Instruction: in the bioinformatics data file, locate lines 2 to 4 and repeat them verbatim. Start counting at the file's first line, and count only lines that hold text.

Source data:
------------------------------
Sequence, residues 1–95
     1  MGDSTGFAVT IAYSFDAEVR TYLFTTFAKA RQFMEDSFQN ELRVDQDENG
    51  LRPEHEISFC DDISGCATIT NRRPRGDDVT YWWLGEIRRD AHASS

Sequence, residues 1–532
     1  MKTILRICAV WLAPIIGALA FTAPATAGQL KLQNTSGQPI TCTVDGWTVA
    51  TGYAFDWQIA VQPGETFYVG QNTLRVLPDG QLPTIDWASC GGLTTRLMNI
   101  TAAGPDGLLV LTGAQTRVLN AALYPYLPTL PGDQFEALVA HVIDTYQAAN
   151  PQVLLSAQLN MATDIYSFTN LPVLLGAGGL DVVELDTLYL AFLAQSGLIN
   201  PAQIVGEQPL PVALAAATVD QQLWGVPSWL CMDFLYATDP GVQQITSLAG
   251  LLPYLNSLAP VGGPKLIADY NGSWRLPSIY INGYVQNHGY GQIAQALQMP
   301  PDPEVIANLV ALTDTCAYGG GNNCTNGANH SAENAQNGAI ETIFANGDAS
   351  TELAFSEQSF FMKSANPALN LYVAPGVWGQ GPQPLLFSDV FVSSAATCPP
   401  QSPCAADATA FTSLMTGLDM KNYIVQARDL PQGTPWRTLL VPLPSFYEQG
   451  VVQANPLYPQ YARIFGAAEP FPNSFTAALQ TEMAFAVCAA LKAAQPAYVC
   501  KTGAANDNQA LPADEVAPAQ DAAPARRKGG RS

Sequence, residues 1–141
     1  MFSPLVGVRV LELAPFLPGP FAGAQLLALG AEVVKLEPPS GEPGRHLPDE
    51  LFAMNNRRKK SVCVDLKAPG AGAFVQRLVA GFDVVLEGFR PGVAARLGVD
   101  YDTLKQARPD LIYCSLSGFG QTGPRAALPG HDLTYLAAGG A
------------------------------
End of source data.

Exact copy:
     1  MGDSTGFAVT IAYSFDAEVR TYLFTTFAKA RQFMEDSFQN ELRVDQDENG
    51  LRPEHEISFC DDISGCATIT NRRPRGDDVT YWWLGEIRRD AHASS

Sequence, residues 1–532